Utah-based sandwich chain Even Stevens has filed for bankruptcy. An executive said that the company ran into financial trouble because it “expanded too quickly.” Even Stevens had 15 stores in Utah, Idaho, Colorado, Texas, Arizona, and Washington but, prior to filing for bankruptcy, had already closed five of its locations due to restructuring. The company, which opened its first location in 2014, owes millions to various creditors.
Businesses that appear to be rapidly growing can tempt enterprising Utah investors such as yourself. Before you make that decision, you can benefit from a professional opinion. Many experts on wealth management in Salt Lake City can give you valuable investment insights, one of which is determining whether your speedy rise in the market may come with the following repercussions
Decreased Cash Flow
This is a sign that a business has bitten more than it can chew. Taking on more clients or bigger orders than what is feasible can cause a business to lose more money than its making. Production costs can climb higher than revenues and appear as noticeable losses.
Another cause could be large and unnecessary expenses. These could be fancy, but unfeasible, office spaces or opening more branches than can be supported. New businesses often run on credit, and a major loss of income can cause a company’s debt to snowball.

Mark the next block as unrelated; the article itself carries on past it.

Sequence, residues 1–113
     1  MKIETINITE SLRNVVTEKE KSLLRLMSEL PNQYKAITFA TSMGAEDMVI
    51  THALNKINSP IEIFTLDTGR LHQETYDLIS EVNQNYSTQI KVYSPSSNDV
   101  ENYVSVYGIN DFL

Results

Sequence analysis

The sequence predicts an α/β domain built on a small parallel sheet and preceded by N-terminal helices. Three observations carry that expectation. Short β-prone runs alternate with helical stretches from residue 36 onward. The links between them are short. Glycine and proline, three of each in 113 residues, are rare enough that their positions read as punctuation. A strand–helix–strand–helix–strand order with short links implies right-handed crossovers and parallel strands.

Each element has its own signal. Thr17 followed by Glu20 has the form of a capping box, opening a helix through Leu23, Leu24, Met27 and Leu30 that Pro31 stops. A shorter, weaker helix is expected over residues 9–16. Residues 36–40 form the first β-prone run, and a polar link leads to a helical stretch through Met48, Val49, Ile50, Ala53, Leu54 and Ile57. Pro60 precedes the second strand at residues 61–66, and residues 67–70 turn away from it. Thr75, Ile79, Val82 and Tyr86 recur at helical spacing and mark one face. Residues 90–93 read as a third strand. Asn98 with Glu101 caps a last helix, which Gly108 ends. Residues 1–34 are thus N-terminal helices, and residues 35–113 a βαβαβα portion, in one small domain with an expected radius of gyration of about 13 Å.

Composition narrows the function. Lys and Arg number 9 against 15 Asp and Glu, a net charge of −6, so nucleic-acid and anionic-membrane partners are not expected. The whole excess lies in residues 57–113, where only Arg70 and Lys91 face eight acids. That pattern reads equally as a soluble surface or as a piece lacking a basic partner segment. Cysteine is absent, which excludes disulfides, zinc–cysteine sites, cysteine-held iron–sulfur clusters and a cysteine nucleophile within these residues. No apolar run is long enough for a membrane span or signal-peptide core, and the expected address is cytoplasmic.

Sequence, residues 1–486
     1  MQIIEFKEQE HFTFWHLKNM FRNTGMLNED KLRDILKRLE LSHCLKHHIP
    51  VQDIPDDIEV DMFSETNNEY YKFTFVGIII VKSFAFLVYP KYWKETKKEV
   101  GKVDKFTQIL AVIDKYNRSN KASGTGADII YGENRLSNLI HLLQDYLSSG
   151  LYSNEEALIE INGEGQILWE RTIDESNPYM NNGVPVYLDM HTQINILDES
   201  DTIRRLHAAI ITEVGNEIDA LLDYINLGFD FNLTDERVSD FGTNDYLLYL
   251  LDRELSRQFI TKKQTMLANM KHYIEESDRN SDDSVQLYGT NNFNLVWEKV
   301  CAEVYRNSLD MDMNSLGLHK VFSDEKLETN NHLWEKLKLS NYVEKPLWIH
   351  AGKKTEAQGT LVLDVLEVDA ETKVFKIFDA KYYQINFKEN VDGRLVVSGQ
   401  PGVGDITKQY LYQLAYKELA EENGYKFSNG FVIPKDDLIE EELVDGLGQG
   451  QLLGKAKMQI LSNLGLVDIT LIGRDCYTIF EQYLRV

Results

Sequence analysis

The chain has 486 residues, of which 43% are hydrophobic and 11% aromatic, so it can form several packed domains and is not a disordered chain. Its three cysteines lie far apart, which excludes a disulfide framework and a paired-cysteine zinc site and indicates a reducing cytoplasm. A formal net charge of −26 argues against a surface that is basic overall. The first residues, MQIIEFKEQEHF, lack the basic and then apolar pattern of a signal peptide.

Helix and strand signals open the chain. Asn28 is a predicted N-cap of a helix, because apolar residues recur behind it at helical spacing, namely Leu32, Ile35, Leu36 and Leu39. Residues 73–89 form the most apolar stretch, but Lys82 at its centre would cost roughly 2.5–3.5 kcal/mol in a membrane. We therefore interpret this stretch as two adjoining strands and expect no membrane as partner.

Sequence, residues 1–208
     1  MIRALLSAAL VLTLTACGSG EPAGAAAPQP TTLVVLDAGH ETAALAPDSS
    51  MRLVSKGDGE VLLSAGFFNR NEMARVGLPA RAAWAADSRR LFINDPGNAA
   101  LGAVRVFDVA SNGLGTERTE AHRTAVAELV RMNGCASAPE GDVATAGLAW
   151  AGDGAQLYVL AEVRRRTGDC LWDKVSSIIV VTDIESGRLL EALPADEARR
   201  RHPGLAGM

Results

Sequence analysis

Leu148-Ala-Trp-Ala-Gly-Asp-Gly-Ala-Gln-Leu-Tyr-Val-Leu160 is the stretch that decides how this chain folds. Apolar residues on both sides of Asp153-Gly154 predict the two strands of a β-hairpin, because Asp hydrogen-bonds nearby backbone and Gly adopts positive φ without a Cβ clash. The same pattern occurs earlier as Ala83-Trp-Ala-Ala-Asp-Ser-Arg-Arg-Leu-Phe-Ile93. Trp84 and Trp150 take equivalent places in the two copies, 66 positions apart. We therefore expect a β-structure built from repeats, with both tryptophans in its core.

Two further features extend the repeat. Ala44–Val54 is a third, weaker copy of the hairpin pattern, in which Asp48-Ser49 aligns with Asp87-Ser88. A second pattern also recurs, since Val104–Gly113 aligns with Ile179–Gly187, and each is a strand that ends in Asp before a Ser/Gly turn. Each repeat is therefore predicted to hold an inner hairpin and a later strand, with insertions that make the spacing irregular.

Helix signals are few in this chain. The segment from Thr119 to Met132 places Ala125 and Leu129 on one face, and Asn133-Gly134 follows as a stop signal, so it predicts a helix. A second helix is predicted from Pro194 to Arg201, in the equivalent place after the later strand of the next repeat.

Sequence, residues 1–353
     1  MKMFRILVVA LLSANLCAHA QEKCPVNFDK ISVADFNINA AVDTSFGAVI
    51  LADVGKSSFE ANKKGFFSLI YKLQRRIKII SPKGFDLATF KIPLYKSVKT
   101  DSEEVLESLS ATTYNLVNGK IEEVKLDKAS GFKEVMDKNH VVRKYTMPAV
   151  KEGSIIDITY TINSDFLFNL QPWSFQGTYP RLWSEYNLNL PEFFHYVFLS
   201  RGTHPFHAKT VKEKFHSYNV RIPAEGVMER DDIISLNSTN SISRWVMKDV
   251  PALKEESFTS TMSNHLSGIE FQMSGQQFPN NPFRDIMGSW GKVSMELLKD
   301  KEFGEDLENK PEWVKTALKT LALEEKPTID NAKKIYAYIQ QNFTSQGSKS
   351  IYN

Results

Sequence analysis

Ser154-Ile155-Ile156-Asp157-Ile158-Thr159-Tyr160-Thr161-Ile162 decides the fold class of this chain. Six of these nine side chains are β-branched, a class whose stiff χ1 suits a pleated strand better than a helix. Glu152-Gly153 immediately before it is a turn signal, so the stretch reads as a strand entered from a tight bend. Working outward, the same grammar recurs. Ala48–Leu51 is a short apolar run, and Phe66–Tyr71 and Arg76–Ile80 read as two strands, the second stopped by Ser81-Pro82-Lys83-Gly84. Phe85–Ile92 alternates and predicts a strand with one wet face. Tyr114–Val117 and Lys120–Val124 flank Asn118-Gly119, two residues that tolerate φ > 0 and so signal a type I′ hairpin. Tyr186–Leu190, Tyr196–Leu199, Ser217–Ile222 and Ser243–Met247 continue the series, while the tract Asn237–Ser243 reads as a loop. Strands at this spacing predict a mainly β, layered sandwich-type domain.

Bloated and Inefficient Operations
A company that takes on more than it can handle could attempt to solve this by expanding operations. This is not always a smart move. If new employees are hired en masse, they might not all be properly vetted or trained and can cause problems in the future. Companies that are expanding too fast could also hire new workers for non-existent demands and create a financial drain.
Bloated operations can also negatively impact production. Inefficient production can lead to insufficient or late inventory.
Poor Customer Service
The combination of poorly trained employees and haphazard production will inevitably lead to dissatisfied customers. Workers with too much workload also burn out faster and are more likely to make costly mistakes. All of these can make a company’s client pool dry up, as customers look elsewhere for more reliable services. These former customers can also stop recommending the business or even dissuade potential clients.
Insights for Investors
Like with books, never judge a business by its appearance alone. Companies that suddenly go from one or two locations to ten or 15 can be investment pitfalls in the future. Businesses with flashy hardware and expensive decor and offices can be less lucrative than advertised.
Always be on the lookout for signs that your business is growing too quickly and in danger of collapsing. The best way to protect your wealth is to be vigilant and seek advice from experts. When it comes to your hard-earned money, you can never be too careful.